More significantly, Modi seems to want an Olympics in India, specifically Ahmedabad, which is being triumphed as a new sports and cultural hub. Pushing hard for the 2036 Games, India recently hired the Australian design and architecture firm Populous to help prepare a master plan.

“Modi very much wants to host an Olympics,” Bose said. “He is refashioning India and he wants to refashion it away from the British Empire, basically making it a new country. The Indians want to show they are a world power. To host an Olympics will do that.”

Given cricket’s obscurity in the United States, the sport seems an odd fit for the L.A. Games and yet it has been growing in this country. Earlier this year, a six-team American league, Major League Cricket, heavily funded by wealthy Indian corporations, played its first season – a two-week tournament at an old minor league baseball stadium in Grand Prairie, Tex. Eventually, the teams will be based in major American cities, including one outside Los Angeles, owned by Khan and named the Knight Riders.

The league is counting on drawing not only from the 4.8 million Indian Americans in the United States but the reach of top executives at American companies such as Microsoft CEO Satya Nadella and Adobe CEO Shantanu Narayan, both of whom have invested in the MLC.

“Prominent people in Silicon Valley want cricket in the United States,” Bose said,

The problem with adding any new sport is that something will have to be removed. The IOC’s new cost-saving measures require Summer Games to have no more than 10,500 athletes, a significant drop from the 11,420 who competed in Tokyo. Los Angeles’s preliminary program is close to that limit with organizers still needing to fit in boxing, which has been restored by the IOC after being left off the original program because of issues with the sport’s former governing body.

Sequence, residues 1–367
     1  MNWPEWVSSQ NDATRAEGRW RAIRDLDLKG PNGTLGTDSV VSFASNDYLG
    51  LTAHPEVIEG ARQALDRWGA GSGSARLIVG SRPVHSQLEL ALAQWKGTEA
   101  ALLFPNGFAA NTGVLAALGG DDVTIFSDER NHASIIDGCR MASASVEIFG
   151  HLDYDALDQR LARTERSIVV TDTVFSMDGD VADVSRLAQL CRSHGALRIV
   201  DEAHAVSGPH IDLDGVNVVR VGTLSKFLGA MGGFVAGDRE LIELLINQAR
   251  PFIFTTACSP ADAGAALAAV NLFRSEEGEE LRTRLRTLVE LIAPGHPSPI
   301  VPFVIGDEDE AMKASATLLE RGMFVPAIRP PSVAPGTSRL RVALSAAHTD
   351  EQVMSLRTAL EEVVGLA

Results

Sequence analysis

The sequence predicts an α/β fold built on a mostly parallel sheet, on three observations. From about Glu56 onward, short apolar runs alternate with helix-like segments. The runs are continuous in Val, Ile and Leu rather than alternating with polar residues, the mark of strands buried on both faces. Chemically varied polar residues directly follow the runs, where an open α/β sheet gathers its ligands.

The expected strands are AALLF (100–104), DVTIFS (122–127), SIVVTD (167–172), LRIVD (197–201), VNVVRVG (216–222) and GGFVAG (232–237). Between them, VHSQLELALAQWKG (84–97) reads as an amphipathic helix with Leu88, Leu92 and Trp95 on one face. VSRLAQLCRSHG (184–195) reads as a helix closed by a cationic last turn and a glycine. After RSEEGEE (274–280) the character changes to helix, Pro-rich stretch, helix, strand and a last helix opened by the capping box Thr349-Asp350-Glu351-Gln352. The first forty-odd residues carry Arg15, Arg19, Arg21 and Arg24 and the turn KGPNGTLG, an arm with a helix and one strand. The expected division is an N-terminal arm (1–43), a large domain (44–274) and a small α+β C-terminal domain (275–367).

Los Angeles doesn’t have to add any sports, but Los Angeles Olympics Chairman Casey Wasserman seems to want a groundbreaking Olympics, much like the city’s last Games in 1984. Not only is cricket getting a long look, but two people familiar with the situation say flag football, which is backed by the NFL, and baseball and softball are under serious consideration as well.

Inserting cricket will bring logistical problems, as well. The ICC is proposing men’s and women’s tournaments with six teams each for a total of 180 athletes. But that doesn’t include coaches and trainers and other support officials who will need to be housed and fed and transported to competition and practice fields. Wasserman insists the L.A. Games will pay for themselves and will use only existing and temporary facilities.

Finding a place to hold a cricket tournament could be challenging, though a 10,000-seat stadium for Khan’s Knight Riders is planned near a recreation park in the Orange County suburb of Irvine.

“Sometimes, it’s not a matter of what sports you want, it’s what you can afford,” said Burns, who added that cricket could provide additional sponsorship opportunities. “What it’s going to come down to is, can L.A. make money off this?”

Even if cricket ultimately does not make it into the Los Angeles Games, it likely won’t have to wait long: The main stadium for the 2032 Olympics in Brisbane, The Gabba, is the city’s primary cricket ground.